Dear Colleagues, Students, Alumni and Members of the HKU Family,
The University held a most dignified Centenary Ceremony last week. Vice-Premier Li Keqiang of the State Council, and key officials from Ministries of Education, Science and Technology were among our invited guests. The event gave us the opportunity not only to showcase HKU’s many achievements in different aspects, but also to further reaffirm the tie between Hong Kong and the Mainland. Indeed, as the most international university in China, HKU has an obligation to build a meaningful link between the higher education on the Mainland and that of the world.
Unfortunately, the occasion was marred by some imperfect arrangements and an unhappy incident.
I must admit, with much regret, that the event could have been better planned and organised. However, this was the University’s first time to have a state leader attending such an important ceremony on campus. We simply did not have too much experience in organising an event of such nature in a short time frame. We have already received a large volume of feedbacks from students, staff, alumni and members of the community. All comments are important to us as they will help improve our future events of such magnitude. We also consider this an important lesson learnt and are committed to developing an appropriate set of protocols and security measures to ensure that future events would be open and engaging. The autonomy of the University must be safeguarded and freedom of expression guaranteed when any security measure is deployed.
Close to 600 people attended the Ceremony inside Loke Yew Hall. Besides Vice-Premier Li and his delegation, we had students, faculty and staff members, and other guests. There were 40 presidents and scholars from local and overseas universities. Due to the tight schedule, students were invited both as guests and helpers, through Faculty offices and Residential Hall Student Associations and from the “Student Ambassadors” and “Green Gown Guide” programmes. Over 200 students assisted in various aspects of the event organisation, but only some 80 of them attended the Ceremony due to the limited seating capacity of the Hall. We also arranged to have student representatives, including the President of the Students’ Union, the President of the Postgraduate Students Association, and student representatives from the Council and Senate, to meet Vice-Premier Li in person. For staff, we extended an invitation to the entire faculty, Assistant Professors and above, and colleagues in the administration and support departments. As for our other guests, invitations were sent to those who have given support to, or have involved in the planning of our various Centenary Celebrations activities, and many of whom were HKU alumni.
The University did not arrange for a system of registration open to all members of the HKU Family on this occasion simply because of the limited seating capacity and the very tight time frame. It is clear now that such an arrangement was unsatisfactory, despite the fact that we provided a live webcast and there was telecast via several TV stations. We will carefully reflect on how we can improve future arrangements.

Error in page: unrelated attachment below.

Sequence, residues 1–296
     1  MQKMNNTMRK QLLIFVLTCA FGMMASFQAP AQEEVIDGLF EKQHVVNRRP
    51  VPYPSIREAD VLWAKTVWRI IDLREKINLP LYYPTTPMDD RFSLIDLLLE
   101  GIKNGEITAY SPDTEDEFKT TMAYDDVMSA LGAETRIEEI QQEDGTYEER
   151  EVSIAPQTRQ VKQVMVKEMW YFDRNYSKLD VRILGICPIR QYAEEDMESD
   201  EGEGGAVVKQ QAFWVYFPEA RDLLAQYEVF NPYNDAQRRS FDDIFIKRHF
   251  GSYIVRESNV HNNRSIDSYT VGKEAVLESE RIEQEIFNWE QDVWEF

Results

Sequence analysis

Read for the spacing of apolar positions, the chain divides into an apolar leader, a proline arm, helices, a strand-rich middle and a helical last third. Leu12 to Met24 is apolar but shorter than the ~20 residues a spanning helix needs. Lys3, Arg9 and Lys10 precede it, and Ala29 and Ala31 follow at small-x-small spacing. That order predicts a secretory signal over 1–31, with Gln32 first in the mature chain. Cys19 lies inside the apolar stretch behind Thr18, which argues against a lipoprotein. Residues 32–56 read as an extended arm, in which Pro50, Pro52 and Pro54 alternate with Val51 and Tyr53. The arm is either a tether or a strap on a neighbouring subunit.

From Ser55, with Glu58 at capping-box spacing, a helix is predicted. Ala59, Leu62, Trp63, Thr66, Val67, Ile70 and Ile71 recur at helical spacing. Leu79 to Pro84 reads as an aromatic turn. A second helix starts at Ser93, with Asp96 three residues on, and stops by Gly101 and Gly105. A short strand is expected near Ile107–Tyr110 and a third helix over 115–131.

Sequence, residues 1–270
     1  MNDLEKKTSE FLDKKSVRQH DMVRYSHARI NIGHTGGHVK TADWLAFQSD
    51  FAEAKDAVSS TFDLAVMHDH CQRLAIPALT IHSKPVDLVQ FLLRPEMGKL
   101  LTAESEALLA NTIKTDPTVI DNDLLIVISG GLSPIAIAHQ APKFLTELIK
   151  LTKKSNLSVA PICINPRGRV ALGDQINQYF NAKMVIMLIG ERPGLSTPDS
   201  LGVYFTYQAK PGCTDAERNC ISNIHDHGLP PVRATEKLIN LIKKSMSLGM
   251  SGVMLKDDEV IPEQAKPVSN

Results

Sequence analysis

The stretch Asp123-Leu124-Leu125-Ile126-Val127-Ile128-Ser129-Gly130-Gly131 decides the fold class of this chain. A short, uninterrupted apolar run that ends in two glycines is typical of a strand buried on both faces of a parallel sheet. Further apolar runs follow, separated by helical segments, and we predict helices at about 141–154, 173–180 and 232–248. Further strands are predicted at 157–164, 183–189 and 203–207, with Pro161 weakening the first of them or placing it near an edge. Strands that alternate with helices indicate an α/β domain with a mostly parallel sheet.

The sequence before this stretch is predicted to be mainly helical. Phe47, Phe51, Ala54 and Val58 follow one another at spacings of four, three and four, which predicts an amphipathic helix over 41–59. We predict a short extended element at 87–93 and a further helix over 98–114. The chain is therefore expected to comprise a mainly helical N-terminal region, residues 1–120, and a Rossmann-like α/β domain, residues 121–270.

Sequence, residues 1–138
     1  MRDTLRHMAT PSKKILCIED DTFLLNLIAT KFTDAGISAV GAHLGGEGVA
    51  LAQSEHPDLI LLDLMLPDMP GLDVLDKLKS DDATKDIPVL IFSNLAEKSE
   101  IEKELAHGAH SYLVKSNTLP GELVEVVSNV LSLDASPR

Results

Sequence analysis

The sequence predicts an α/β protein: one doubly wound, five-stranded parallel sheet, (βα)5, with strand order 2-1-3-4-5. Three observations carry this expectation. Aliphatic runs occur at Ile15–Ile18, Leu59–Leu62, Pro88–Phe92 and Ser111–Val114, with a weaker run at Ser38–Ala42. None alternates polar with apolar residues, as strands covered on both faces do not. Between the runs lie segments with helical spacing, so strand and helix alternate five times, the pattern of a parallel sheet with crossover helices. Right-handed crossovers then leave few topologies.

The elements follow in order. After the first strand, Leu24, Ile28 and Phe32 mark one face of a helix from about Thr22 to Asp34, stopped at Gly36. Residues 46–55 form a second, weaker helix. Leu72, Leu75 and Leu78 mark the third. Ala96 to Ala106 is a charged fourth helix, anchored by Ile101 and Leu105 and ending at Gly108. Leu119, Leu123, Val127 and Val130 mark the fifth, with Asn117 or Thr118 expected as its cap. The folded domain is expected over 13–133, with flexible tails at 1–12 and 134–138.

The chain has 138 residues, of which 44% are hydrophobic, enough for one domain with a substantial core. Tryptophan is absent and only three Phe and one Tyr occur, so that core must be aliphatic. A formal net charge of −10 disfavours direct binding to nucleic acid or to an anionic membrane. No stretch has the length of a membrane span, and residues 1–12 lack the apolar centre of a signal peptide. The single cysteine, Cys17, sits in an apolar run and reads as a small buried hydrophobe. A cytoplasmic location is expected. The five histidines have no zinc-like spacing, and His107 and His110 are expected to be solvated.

Our current campus security is not designed to handle the level of security required for such kind of visit from a state leader. Therefore, we could only turn to the Hong Kong Police Force and rely on their professional experience and judgment in deciding on the security measures to be deployed on campus. We were all taken aback by the scale of police mobilised on the date of the event.
As far as the confrontation between the Police and students at K K Leung Building is concerned, we judged that the measures the Police used in handling the student protest were unacceptable. The physical contact that resulted in a student being pushed to the ground was unnecessary. We understand that the Police will be reviewing their actions and the University will continue to liaise with them to ensure that similar incidents will never occur again on campus.
I am sorry about the above incident and, as the head of this institution, would like to offer my sincere apologies to our students and alumni for not having been able to prevent it. I wish to assure them that the University campus belongs to students and teachers and that it will always remain a place for freedom of expression.
I will make sure that HKU continues to stand by its belief in freedom, liberty and diversity. The University will continue to invite leaders of different backgrounds, in different areas, and from all over the world to our campus to bring to us inspiration and ideas. HKU will also keep reaching out to other parts of the world and continue to engage with different voices and cultures.
We understand the high expectations the public has for HKU and we value the spirit of openness that Hong Kong people embrace.
Today, The University of Hong Kong is for Hong Kong, for China and for the World. Our road ahead will be challenging, but on the occasion of the University’s Centenary, we will continue to stay true to our vision and mission, and look forward to working with all of you to make our coming century an even better and brighter one.
Professor Lap-Chee Tsui
Vice-Chancellor and President
August 23, 2011